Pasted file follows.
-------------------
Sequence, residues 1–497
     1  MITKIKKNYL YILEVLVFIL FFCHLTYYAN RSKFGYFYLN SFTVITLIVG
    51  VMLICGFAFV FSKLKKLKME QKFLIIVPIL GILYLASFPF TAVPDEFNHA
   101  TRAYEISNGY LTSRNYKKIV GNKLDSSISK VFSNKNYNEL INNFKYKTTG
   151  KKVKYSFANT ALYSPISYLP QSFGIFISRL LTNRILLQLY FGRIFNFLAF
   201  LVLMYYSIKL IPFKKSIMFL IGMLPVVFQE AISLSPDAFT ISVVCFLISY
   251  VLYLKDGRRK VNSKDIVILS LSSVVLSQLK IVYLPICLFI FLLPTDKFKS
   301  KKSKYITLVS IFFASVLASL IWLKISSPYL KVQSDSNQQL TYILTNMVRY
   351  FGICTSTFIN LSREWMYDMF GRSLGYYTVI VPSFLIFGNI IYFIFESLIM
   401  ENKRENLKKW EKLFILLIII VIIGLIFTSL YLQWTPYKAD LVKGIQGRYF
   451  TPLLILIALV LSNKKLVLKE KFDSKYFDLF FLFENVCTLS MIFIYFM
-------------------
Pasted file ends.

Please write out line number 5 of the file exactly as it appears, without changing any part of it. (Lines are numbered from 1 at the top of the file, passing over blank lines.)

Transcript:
   151  KKVKYSFANT ALYSPISYLP QSFGIFISRL LTNRILLQLY FGRIFNFLAF